If you ask us, the BMW G650 Xcountry was ahead of its time. First released in 2007, it encapsulated the tracker vibe that’s so hot right now—but the market wasn’t ready, and it wasn’t a big seller. So BMW soon dropped it from their lineup, along with the other two G650X models.
Which is a real pity, because it’s a cracking bike; a compact 652 cc thumper that makes 53 hp and 60 Nm, and weighs 344 lbs wet. And with its pseudo-retro styling, it would sit nicely in the mix between bikes like the Husqvarna Svartpilen 401 and the Ducati Scrambler today.
Georg Godde and Holger Maninger at Cafemoto in Gelsenkirchen, Germany, are BMW spezialisten… and they love the G650 series. So they decided to see what the Xcountry would look like if it was reimagined as a street tracker. “We built this tracker conversion,” Georg tells us, “because nobody else does it—and we wondered why.”
“The technical package is really perfect—a light motorcycle with a strong and modern one cylinder engine. The radical frame layout with its extremely long swing arm that enhances traction, a big USD fork and good brakes are perfect for cornering winding roads.”
Georg and Holger don’t quite share our love for the Xcountry’s looks though: “The proportions of this model are really ugly, and the designers must have had a really bad day. The air box cover is much too short, and the seating compared to this much too long, underlined by a monstrous exhaust system.”
“We changed it all.”
The air box cover Georg refers to is the bit that appears to be the fuel tank, because the BMW G650 actually carries its fuel under the seat. Georg and Holger started with renderings, designing a longer cover and a more compact flat track tail section, to balance out the proportions.
The guys then shaped up new parts with fiber-reinforced plastic—and they made up a set of negative molds too, in case they ever want to replicate the body kit. The new cover and tail unit mount to some of the BMW’s original mounting points, with a few modifications to the bike’s subframe.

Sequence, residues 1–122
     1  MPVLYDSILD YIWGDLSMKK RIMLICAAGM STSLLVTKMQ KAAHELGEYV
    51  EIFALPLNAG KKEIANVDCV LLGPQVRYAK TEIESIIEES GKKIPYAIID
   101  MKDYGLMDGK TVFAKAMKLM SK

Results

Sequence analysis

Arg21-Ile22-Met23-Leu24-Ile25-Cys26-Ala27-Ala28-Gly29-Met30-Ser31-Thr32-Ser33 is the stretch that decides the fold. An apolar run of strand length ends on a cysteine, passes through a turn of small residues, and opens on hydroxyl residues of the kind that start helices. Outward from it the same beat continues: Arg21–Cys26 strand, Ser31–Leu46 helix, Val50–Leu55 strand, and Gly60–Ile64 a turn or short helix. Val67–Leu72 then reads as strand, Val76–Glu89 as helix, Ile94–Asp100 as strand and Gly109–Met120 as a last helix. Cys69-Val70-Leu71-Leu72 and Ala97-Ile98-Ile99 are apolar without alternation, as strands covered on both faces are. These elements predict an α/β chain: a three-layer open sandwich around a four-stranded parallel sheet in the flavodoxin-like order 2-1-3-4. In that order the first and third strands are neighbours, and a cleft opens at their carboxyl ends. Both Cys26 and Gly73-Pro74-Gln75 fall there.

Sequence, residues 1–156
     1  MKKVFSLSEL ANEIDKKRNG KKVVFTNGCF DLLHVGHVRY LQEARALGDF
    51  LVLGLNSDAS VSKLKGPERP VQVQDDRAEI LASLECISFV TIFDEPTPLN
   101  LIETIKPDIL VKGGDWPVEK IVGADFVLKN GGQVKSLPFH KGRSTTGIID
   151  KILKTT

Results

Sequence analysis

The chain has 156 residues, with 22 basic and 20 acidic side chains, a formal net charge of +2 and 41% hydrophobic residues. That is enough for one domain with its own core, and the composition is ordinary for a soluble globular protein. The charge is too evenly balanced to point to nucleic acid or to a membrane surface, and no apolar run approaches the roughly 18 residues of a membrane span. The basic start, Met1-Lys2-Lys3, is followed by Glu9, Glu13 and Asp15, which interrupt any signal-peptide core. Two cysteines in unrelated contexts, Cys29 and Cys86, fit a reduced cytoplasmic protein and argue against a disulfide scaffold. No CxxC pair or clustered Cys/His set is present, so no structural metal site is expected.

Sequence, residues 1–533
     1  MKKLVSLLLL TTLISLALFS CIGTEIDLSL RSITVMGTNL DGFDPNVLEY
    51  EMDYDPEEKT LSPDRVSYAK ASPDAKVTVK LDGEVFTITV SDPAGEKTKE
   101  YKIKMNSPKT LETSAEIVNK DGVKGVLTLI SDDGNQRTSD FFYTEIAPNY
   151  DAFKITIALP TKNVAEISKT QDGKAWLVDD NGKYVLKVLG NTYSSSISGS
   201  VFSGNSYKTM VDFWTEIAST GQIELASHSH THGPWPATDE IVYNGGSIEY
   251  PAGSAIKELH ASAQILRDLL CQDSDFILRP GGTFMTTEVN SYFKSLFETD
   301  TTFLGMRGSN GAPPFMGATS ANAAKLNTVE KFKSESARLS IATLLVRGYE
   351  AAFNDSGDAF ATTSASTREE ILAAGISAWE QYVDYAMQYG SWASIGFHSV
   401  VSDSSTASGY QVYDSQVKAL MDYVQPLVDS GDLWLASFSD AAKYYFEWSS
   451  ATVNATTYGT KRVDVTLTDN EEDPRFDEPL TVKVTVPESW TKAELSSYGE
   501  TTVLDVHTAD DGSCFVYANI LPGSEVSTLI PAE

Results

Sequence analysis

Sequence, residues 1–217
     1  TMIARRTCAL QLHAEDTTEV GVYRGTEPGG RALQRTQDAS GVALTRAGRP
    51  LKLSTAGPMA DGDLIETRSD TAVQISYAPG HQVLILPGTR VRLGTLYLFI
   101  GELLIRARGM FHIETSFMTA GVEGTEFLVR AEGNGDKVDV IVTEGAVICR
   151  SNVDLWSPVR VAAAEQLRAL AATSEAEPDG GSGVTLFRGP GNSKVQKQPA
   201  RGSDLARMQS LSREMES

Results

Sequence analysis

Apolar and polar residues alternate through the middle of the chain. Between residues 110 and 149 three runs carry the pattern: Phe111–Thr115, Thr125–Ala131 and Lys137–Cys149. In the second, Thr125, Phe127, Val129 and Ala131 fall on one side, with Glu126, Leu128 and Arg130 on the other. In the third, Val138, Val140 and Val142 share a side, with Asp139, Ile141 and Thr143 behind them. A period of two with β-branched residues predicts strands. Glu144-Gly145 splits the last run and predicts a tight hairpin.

The radiator covers you see up front are the original parts, re-mounted—an inspired move to keep some of the Xcountry’s original DNA. Cafemoto also shaped up a pair of side number boards, and finished the tail off with a leather seat pad and an embedded LED taillight.
The front fender is custom, but uses the original mounting bracket. It’s flanked by a new set of fork protectors, and there’s an LED-equipped number board higher up, sitting on a set of one-off brackets. Just behind that you’ll find a set of LSL handlebars with a new mirror and controls, and the OEM speedo and switchgear.
One of the biggest changes was rerouting the G650’s exhaust to the other side, and ditching its clunky muffler. Cafemoto built a complete stainless steel header, and then mounted a Leo Vince silencer behind the wraparound right side number board. It’s a neat setup, and it weighs significantly less than the original, too.
The Xcountry comes with a 19F/17R wheel combo, but Georg and Holger swapped the rear out for another 19” for a flat track-appropriate setup, then added dirt track tires. And the wedged a new rear shock in too, for good measure.
Cafemoto’s work here is extremely clean, backed up by a Bristol grey paint job with tasteful graphics, and just a hint of BMW’s motorsport colors. The whole package is so tight, that it could easily be mistaken for a factory special (provided you swap that front plate for a more OEM-like headlight).
Which begs the question: if BMW released something like this right now, would it sell?
Cafemoto | Facebook | Images by Christina Güldenring
This content was originally published here.